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HOME : Asian Art : Masterpieces of Asian Art : Wooden Stele of Bhairava
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Wooden Stele of Bhairava - PF.5792
Origin: Nepal
Circa: 15 th Century AD to 16 th Century AD
Dimensions: 31.5" (80.0cm) high
Collection: Asian
Medium: Wood

Additional Information: Marcel Nies (Belgium) 2000

Location: United States
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Bhairava (The Wrathful) is one of the more terrifying aspects of Shiva, the Hindu creator god. He is often depicted with frowning, angry eyes and sharp, tiger's teeth and flaming hair; stark naked except for garlands of skulls and a coiled snake about his neck. Often represented with multiple limbs, he most frequently carries a noose, trident, drum, and skull. Bhairava is Shiva at his most terrifying, at his most fearful. He may be understood as a particular manifestation, or emanation of Shiva, or as Shiva displaying himself at a very high level. In some myths, Shiva created Bhairava as an extension of himself, in order to chastise Brahma. Bhairava is the embodiment of fear, and it is said that those who meet him must confront the source of their own fears. His name describes the effect he has upon those who behold him, as it derives from the word “bhiru,” which means to become fearful - of feeling great fear.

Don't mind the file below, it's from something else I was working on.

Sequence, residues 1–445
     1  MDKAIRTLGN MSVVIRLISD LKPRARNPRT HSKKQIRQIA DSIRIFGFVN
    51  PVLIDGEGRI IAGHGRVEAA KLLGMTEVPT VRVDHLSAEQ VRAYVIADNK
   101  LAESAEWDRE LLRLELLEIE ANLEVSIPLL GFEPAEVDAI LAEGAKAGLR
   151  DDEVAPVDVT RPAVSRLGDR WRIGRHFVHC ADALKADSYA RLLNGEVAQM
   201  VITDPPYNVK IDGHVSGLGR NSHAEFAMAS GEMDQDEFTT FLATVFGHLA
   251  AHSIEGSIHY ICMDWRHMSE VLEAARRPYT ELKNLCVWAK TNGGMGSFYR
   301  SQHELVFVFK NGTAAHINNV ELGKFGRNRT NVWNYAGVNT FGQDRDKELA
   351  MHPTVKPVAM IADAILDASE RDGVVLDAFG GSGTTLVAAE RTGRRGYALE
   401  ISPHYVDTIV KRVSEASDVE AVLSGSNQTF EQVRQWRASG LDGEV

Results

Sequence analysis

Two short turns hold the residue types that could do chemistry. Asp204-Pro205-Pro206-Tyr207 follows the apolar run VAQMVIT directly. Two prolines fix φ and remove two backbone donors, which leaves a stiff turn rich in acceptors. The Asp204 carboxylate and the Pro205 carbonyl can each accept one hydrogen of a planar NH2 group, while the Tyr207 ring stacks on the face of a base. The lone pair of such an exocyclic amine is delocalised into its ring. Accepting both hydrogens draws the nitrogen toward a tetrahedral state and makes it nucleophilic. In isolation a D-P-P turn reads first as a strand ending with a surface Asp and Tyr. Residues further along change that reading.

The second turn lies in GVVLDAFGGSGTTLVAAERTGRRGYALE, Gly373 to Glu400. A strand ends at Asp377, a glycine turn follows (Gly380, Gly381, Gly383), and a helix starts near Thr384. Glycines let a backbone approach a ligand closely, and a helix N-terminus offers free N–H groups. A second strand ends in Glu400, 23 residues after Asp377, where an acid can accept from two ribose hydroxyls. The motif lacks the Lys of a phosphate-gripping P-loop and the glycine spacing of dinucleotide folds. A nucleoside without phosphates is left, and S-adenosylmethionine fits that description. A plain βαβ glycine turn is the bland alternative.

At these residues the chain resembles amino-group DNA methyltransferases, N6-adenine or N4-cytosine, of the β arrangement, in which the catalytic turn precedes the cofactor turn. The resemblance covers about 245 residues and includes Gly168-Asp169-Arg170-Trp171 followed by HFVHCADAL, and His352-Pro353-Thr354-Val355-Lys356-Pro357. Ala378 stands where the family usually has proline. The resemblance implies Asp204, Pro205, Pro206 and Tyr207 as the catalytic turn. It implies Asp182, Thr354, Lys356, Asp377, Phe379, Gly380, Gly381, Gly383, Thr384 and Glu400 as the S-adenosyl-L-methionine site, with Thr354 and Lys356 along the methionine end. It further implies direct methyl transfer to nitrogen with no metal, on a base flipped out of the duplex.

This wooden sculpture is a perfect representation of Bhairava. Intricately carved by a master sculptor, he has a fierce expression with three bulging round eyes. Stylized flames wrap around his head, also representing his fiery eyebrows and moustache. A hole has been pierced through his mouth in between his sharp fangs. His jewelry is composed of serpents: two coiled snakes represent his earrings while he wears a snake as a necklace. Perhaps even more intimidating is the diadem that crowns his head. A central head of a bodhisattva watches over from above, his peacefulness opposed to the series of skulls entwined with a snake. Represented from his torso up, he forms a mudra with one hand while holding either a drum or a decapitated skull in his other. Bhairava is a vision extracted from our worst nightmare; he plays with our fears and taunts our innermost weaknesses. However, even in his dread, he offers us hope, such as the hope for rebirth after the destruction of the world.
- (PF.5792)


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